Not even a vintage James Karinchak implosion could ruin this game. Try as he might, the Guardians just kept tacking on runs and finally laying down clutch hits when they needed them. For their efforts, they were rewarded with a 7-4 win over the Miami Marlins.
If Logan Allen truly is the beginning of the next wave of arms, as Terry Francona put it earlier this week, the Guardians are gonna be alright. Everyone can breathe. Allen was incredible today in his MLB debut, and more importantly, he showed signs that he has the discipline and ability to do it again. And again. And again.
Mechanically, Allen came out as sound as could be. He pounded the zone from first-pitch, worked at a blistering pace that kept hitters off balance, and was able to almost perfectly replicate his release point every pitch — down to the inch. All that combined with a coiled windup and release that does everything it can to hide his release point until the last possible second, and it becomes clear how a guy who is lucky to hit 95 mph with his fastball had such high strikeout rates coming up through the minors. Sure, his pitches themselves are nice, but it’s the little secondary things to create the deception that he can use to his advantage.
Allen has a long way to go of course, and it was only one good rookie start, but it cannot be overstated how good of a debut it was. By the end of his six innings, he recorded eight strikeouts (the most by any Guardians starter this season), with just one walk and an earned run on a solo homer.
Digging a little deeper, Allen threw his four-seamer 46 times, split-changeup 23 times, his sweeping slider nine times, and he sprinkled in his new-ish cutter eight times. Combined, all four of his pitches induced 17 whiffs, the majority coming from his four-seamer which never exceeded 93.7 mph. He did allow a few hard-hit balls — including a third-inning home run against Jon Berti — but six of the 11 balls hit over 88 mph were drilled straight into the ground. He had the Marlins lineup twist-turned-upside down for the most part.
And how could he not? Take the picture-perfect release point ...
... combine it with the sporadic movement of all of his pitches ...
... and you get some Very Large Confused Dudes swinging way late on third strikes.
Logan Allen, K'ing the Side.— Rob Friedman (@PitchingNinja) April 23, 2023
8Ks thru 6. pic.twitter.com/bwjS48SkfZ
So many of Allen’s 17 swings and misses were on the edge of the zone, too. He was simply out there painting today.
Allen came out of the gate aggressive and didn’t slow down until he was in the dugout for the final time. He faced 27 batters and did not see a single 3-0 count, and only one 3-1 count. In the future, as teams review the tape and catch on to his aggressiveness, he will probably see a lot more first-pitch swings, which could be an issue. However, while he may have thrown 14 first-pitch four-seamers tonight, that deadly split-changeup was mixed in there as well. He also didn’t use his cutter much at all tonight, maybe that’s a good setup pitch down the road. Both could be something to lean on when teams start to key him up a little better. Point being, the man has options.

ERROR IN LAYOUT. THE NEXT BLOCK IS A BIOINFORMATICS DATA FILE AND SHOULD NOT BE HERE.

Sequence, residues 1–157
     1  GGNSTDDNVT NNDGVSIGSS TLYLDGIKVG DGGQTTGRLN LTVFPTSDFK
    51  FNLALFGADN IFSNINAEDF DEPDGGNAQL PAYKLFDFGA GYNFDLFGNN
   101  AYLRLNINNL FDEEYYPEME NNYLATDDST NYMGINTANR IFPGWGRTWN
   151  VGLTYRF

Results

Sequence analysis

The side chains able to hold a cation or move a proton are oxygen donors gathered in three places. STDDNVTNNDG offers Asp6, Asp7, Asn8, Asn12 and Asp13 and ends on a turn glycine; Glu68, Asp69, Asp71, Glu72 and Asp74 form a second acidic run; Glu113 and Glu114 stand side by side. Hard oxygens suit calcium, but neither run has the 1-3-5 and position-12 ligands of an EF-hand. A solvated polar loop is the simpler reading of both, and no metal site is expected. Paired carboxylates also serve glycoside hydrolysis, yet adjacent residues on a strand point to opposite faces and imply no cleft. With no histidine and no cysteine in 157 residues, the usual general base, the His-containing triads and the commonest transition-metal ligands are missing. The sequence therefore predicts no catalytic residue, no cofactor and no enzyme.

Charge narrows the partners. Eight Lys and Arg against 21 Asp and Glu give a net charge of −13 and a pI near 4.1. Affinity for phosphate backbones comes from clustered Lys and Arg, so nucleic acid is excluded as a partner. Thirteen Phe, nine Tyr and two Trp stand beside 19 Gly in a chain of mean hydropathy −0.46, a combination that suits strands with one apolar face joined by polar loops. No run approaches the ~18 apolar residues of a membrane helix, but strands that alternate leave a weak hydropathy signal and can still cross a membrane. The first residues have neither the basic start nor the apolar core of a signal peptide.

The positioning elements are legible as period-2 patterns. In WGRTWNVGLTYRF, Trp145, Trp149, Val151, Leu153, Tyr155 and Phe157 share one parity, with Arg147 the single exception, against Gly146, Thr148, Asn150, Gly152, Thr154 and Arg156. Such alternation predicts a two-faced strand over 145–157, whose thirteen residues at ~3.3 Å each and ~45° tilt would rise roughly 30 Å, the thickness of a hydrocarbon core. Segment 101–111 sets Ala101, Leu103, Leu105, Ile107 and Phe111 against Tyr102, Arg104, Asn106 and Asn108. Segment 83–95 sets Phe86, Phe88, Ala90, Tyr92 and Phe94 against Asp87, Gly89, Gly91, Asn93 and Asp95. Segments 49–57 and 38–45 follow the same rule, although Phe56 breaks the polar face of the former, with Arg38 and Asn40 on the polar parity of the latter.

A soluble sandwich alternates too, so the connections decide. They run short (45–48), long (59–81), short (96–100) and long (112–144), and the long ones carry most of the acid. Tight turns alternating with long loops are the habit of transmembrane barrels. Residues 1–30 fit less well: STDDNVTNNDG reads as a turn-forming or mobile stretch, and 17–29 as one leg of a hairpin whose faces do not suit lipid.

All I want to do is talk about Logan Allen from now until the end of time, but the offense deserves their fair share of credit today, too. Not only for their initial rally in the third inning but also for adding on insurance runs late when Karinchak laid an egg on the mound.
José Ramírez sparked the initial run-fest with a 424-home run, his third of the season. That was the second hardest-hit ball of the game at 106.8 mph (the hardest being Avisail Garcia off of Karinchak, because of course it was), and he also had the third hardest with his eighth-inning, 106.2 mph double. It would have been a little more encouraging for José’s long-term success if he hammered some off-speed pitches, but you also can’t hate mashing some meatball fastballs right in his nitro zone, low and in the middle of the plate.
Josh Bell and Josh Naylor both got it going as well. Bell had three hits, including a double, and Naylor looked like he might have figured something out against left-handed pitchers, racking up two hits off of them today and drawing a walk off of a right-handed reliever. He even stole a base standing up, which is not something I thought I would ever see.
Speaking of things I thought I would never see, Amed Rosario finished a home run shy of the cycle — and he almost got it in his final at-bat. All told he put five balls in play today, and not one was hit weaker than 95.7 mph.
This was fun, and if it is only the beginning of the next wave, I can’t wait to see what (and more importantly who) that brings.